What we do find in Amos is a direction for our lives—an invitation to give ourselves to undoing the evils of our economy,the injustice of our labor practices, the cruelty of our tax policies. There are no clean hands in Amos. Everyone is culpable. “I shall strike the capitals until the thresholds shake,” God says in chapter 9, “no one shall flee away, not one of them shall escape.”
There’s a temptation here. It’s a religious temptation. The temptation of piety. To point to our disciplined life as proof that we absolved. That we’re exceptional. That we are better than our neighbors. We use our faith to let ourselves off the hook, to reassure ourselves that we are ok, since we’ve got our personal lives sorted out, our own households in order, with our devotions and our simplicity.
There are harsh words in Amos for people who use their faith, people who use religion, to absolve themselves from the sins of the nation. “I hate, I despise your festivals,” God says in chapter 5. “Even though you offer me your burnt offerings, I will not look upon them. Take away the noise of your song; I will not listen.”
This is a word of judgment, from Amos, an announcement of God’s judgment—But it’s a word of judgment rooted in hope, the hope for a different world, a world that is not as harmful as this one, a world that offers life not death, mercy not oppression.
These words of Amos have come to us from afar. We don’t live in that ancient land of the Hebrews. We don’t know what it’s like to be forced into exile. We don’t know what it’s like for our relationship with God to be tied to a place, to a temple—and we don’t know how it would feel for our faith to be ruptured by moving from a land, a forced migration away from the site of God’s presence. We go on, with our faith, without having to think like that.
In our Scriptures, the Jews and their land and their temple have a cosmic significance. But, for us, here—there’s nothing religiously significant about the United States of America. This country—how it’s organized, it’s monuments—none of it is very special, in terms of God’s vision for the world. Governments come and go, this one will come and go—that’s always been the case and will always be the way it goes.
Amos prophecies exile, but the promise, as we will hear from the other prophets, is that God will go before the people, that God will prepare a place, a home, even in the presence of enemies—because God has always prepared a way, God has always promised the Spirit, there in the wilderness of this world, the Spirit of God who wanders with God’s people.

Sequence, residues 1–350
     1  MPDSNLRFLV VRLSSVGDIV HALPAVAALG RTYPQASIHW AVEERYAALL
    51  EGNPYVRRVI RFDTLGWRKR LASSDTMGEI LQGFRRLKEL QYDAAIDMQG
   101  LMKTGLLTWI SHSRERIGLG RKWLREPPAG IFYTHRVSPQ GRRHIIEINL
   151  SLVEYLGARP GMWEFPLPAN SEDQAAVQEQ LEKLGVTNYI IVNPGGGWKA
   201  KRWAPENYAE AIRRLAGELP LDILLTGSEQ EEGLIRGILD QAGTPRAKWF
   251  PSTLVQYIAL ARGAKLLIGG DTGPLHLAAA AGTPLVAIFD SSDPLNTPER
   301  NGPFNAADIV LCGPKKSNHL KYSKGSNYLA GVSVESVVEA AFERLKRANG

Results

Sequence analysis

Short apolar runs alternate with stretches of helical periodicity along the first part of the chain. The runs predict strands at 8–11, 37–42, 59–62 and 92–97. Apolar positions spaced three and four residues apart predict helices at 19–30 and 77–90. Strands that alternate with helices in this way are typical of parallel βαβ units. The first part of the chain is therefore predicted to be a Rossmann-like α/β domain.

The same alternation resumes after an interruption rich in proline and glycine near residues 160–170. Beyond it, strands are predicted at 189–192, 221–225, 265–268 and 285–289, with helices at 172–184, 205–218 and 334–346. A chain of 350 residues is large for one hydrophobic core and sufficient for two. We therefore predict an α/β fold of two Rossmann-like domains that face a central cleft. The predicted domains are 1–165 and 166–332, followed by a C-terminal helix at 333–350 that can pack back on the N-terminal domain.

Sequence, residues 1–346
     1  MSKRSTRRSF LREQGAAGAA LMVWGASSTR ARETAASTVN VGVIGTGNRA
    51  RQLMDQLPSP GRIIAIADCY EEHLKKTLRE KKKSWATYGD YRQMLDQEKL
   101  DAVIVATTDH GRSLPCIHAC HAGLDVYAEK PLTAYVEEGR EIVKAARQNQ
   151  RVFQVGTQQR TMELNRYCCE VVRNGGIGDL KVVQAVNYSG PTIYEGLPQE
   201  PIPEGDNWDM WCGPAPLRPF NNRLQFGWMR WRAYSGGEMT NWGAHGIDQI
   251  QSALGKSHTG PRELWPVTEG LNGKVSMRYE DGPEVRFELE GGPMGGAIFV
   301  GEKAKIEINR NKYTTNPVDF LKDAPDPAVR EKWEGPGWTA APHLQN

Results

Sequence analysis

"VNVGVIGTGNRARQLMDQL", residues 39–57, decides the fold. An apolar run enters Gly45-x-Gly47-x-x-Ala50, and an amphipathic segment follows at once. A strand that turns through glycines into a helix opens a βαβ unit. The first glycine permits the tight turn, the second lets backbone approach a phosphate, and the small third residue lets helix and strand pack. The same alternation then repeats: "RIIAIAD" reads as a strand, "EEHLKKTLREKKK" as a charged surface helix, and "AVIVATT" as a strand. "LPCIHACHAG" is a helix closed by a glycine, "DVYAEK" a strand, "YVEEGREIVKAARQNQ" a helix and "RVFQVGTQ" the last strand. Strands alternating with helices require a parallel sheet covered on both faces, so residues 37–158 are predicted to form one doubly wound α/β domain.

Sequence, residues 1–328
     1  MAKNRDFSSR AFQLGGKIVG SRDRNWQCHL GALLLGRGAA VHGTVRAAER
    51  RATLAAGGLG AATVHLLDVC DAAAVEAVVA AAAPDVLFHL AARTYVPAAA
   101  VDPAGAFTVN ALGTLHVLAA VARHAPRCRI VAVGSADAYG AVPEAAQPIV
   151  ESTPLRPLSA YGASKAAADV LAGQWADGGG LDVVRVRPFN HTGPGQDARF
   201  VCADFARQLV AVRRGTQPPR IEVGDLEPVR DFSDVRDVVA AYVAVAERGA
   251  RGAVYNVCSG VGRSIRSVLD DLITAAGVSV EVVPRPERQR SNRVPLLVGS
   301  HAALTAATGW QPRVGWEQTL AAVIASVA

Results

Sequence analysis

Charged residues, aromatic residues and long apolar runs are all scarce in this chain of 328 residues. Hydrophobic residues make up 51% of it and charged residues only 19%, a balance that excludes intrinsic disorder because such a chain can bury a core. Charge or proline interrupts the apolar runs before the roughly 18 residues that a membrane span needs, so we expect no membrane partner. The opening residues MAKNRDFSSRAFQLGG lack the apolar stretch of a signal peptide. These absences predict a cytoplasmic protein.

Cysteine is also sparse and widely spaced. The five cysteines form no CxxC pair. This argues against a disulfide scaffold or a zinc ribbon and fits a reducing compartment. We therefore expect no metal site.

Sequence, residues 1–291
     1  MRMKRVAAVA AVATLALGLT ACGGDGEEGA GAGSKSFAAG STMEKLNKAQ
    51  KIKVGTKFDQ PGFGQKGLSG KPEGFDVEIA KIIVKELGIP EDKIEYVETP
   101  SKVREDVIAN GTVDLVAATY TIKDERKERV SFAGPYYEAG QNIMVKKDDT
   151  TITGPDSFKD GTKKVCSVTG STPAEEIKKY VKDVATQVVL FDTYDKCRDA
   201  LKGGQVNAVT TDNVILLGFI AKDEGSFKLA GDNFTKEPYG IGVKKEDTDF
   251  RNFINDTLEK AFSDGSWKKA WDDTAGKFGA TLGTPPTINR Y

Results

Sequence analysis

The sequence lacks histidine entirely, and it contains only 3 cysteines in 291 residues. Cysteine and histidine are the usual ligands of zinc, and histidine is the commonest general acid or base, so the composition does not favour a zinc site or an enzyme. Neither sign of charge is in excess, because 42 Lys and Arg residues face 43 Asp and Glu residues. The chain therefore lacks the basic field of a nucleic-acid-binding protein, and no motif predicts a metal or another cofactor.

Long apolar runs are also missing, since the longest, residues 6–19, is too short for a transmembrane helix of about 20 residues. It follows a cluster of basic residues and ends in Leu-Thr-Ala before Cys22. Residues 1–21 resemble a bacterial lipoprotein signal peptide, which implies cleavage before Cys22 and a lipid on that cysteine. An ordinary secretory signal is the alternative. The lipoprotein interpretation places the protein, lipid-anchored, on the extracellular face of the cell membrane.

I think what it means for those of us who are not Jews, all of us who are Gentiles—from the perspective of Amos, we recognize ourselves as always in exile, as people without a spiritual home, other than the one we make together, wherever we are, with our neighbors.
Not all exilic situations are the same, and I don’t want to cheapen the devastation some experience more than others. But if there’s something for us, in terms of thinking of ourselves as learning from people in exile, it’s the challenge to care for a place, a people, without having a claim of ownership. And instead to be drawn into belonging to a people, a land, not our own.
We are always working out our sense of belonging, as we make a home together, for a time, honoring the people of this place where God has brought us, honoring the home for live God has provided—the plants and animals, the water and land, none of it belonging to us, because we are, at most, exiles here, guests in God’s world.
And the invitation, the call for us, no matter where we are, no matter where we find ourselves, is to be devoted to what God cares about—“to let justice roll down like waters, and righteousness like an ever-flowing stream.” That’s a verse from chapter 5, a passage that became the heartbeat of Martin Luther King Jr’s preaching, his witness, a person who descended from ancestors enslaved by the founders of this country, a person from an exiled people who nonetheless gave his life for God’s justice in this place, in this land, among enemies.
The Christian life is this: To let our lives get caught up in that river, a flood of justice, washing away all that tramples the needy, a deluge leveling the powerful, so that no one will have too much so that everyone can have enough—waters of righteousness, refreshing our world.